The Americans then took the ball down the court quickly and passed to their big man who was more open than he should have been (since as he was their best player) near the basket.
In seeing this, the Argentinean big men both leaped at him to block his shot, but he gave a deceptive shot fake, and as the defending players came crashing down on him (fouling him), he somehow managed to throw up a shot that spun in off the glass. He made his free throw, and kept the lead for the Americans. The energy in the gym was fantastically stressful, despite the billing as a “friendly game”.
The Argentineans came down the court but the American point guard stole a pass. He raced down the court as I watched Nocedal´s reaction, hesitating for a split second, and then following in pursuit. The American shot the ball up high for his lay-up as Matias sprung off the floor.
As the ball was at its peak height about to drip through the hoop, Matias swatted it away from the rim into the crowd. It was called goaltending and the basket counted, but you could tell that Matias got the effect he wanted and everyone gave a big smile at his leaping demonstration.
The Americans were up by 7 points with about 50 seconds remaining, so the game was basically over. Nocedal took the ball out of bounds, and ran up the court with his team. He passed to a big guy, who was defended tightly. The Argentinean made a couple slow, ugly moves to try to get open to shoot, and he was fouled as he threw up a prayer of a three-point shot... which to the surprise of everyone in the gym went in!
The whole gymnasium erupted in pandemonium as the Argentineans had a chance at a four-point play. Jesus was obviously with us all that night. The player made his free throw, and the Americans were immediately fouled when they took the ball out of bounds.
They made both free throws, and with about 10 seconds left, Matias ran up the court and took another long three pointer... that missed. The Americans ran out the clock and the game was over, but with such an exciting finish to a friendly game, no one on the Argentinean side was upset to lose.
In addition, Matias Nocedal collected another admirer, showing that he can rise to the challenge in a truly competitive atmosphere.
Matias Nocedal Interview
Photo: Joshua Motenko
Castelar, Buenos Aires Province, Argentina.
(Translated from Spanish)
Motenko: Do you speak English too?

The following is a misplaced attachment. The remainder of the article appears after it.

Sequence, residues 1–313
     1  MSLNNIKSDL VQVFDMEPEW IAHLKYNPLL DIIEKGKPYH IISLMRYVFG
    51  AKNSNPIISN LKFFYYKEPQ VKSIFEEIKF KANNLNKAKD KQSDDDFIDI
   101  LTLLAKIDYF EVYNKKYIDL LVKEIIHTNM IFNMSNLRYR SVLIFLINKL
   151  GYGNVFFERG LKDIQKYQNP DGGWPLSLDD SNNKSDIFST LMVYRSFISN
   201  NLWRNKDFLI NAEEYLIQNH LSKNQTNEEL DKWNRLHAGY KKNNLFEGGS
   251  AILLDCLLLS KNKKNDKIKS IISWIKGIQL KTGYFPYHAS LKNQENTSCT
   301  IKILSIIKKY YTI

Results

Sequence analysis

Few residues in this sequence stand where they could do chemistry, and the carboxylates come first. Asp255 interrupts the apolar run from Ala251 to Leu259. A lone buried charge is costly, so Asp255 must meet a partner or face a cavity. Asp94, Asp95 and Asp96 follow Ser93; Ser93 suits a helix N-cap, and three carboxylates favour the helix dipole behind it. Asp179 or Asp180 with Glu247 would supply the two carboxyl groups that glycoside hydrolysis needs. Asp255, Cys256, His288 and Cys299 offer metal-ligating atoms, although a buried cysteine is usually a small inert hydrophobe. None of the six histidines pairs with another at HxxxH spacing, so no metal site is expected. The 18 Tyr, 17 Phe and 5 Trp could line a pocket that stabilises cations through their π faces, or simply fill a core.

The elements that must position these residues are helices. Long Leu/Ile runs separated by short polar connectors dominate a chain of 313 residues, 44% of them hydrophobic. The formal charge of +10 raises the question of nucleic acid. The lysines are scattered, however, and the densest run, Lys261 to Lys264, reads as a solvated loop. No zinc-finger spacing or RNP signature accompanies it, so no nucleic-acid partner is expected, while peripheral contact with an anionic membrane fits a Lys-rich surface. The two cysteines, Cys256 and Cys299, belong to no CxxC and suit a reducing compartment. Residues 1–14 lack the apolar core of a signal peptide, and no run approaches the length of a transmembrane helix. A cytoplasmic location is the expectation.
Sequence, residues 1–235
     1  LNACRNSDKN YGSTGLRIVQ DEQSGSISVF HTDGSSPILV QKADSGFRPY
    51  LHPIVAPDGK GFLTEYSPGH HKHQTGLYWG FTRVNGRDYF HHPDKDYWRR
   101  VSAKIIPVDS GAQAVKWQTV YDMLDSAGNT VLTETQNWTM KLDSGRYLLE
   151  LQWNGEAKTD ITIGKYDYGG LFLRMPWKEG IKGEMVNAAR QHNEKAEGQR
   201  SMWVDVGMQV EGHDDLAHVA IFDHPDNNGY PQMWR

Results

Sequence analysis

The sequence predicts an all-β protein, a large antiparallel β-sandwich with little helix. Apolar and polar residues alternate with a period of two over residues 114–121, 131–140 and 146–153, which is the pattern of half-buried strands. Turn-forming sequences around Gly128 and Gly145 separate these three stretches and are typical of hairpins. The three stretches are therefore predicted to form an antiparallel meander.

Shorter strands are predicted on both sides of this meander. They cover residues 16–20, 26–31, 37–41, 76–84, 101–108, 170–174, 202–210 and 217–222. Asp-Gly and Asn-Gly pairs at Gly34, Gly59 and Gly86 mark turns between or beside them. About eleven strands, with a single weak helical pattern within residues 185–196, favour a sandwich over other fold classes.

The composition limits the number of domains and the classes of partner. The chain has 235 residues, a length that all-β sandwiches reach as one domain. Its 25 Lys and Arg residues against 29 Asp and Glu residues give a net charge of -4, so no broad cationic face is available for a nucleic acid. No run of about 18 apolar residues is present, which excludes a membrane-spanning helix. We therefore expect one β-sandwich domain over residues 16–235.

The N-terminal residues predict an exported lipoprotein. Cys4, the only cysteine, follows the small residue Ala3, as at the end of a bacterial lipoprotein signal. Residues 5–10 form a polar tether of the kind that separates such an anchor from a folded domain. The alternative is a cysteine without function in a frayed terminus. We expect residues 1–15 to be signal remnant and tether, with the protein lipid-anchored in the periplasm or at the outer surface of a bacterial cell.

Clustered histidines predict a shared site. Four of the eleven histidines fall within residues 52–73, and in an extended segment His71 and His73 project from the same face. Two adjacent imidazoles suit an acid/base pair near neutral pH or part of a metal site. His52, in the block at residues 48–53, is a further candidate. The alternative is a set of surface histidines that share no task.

Nocedal: Yeah, I can speak a little. My mother is a teacher.
Motenko: Good, let´s begin. Matias, how old were you when you started playing basketball?
Nocedal: I was 6.
Motenko: Does anyone else in your family play basketball, or other sports?
Nocedal: Yes, I have two younger sisters and one of them plays basketball... but she is only 5 years old (smiles). My mother and father both played volleyball, but not anymore. They didn´t play professionally in Argentina, but they were pretty good.
Motenko: Do you play any other sports?
Nocedal: I used to be a swimmer and play tennis, but now it´s always basketball, basketball, basketball.
Motenko: How come you´re not playing with the Argentine under 18 National Team?
Nocedal: I´m three years too young.
Motenko: Are you a part of the U16 or U17 team?
Nocedal: Yes, but they don´t play until October.
Motenko: Who is your favorite NBA player? Do you try to play like them every?
Nocedal: I like Chauncy (Billups), (Dwayne) Wade, Bruce Bowen. I do try to play like them sometimes. I try to imitate the characteristics of their game that they do well, like dribbling for Chauncy, or going to the basket like Wade. And obviously for Bowen, it´s defense.
Motenko: Who is your favorite Argentinean player?
Nocedal: Sebastian Ginobili, Manu´s brother. No, wait... Diego Garcia. He´s really good.
Motenko: Who is your role model in your life, someone you respect and want to be like as you grow older?
Nocedal: My father. I have watched him do many things, and he has taught me a lot about life. Yeah, I would say my mother and father.
Motenko: On the basketball court, who is your toughest individual match-up? Who is difficult to play against?
Nocedal: No one.
Motenko: What aspect of your game are you proud of? What aspect do you do well?
Nocedal: Every aspect of my game needs work. Nothing is sufficient right now. But if I need to answer, I would say my shot.
Motenko: What aspects of your game have you improved from last year?
Nocedal: My dribbling has improved. My defense. And my physique, my body.
Motenko: Are you currently on a weight lifting program?
Nocedal: Yes, I lift about three times per week.
Motenko: What aspects of your game still need work?
Nocedal: Strength. My left hand. Dribbling always is something I work on, and passing.
Motenko: You recently signed a professional contract with Tau Ceramica in Spain, when will you go over there to play?
Nocedal: The contract is for eight years, until I am 23 years old. I don´t have to decide now to go over. When I´m 17, I have to decide when to go.
Motenko: What advice have you gotten about playing there, and living there?
Nocedal: I have been to Spain before, so I know what to expect about the place. I went about five or six times. There will be a lot of different things, however… The language,... I think I will miss my family. But that´s all part of the game.
Motenko: Is the NBA one of your primary objectives for your future?
Nocedal: No. There are many steps to take before then. If I keep improving, and if I am close, then I think I will want to play. But right now, I´m not thinking about it.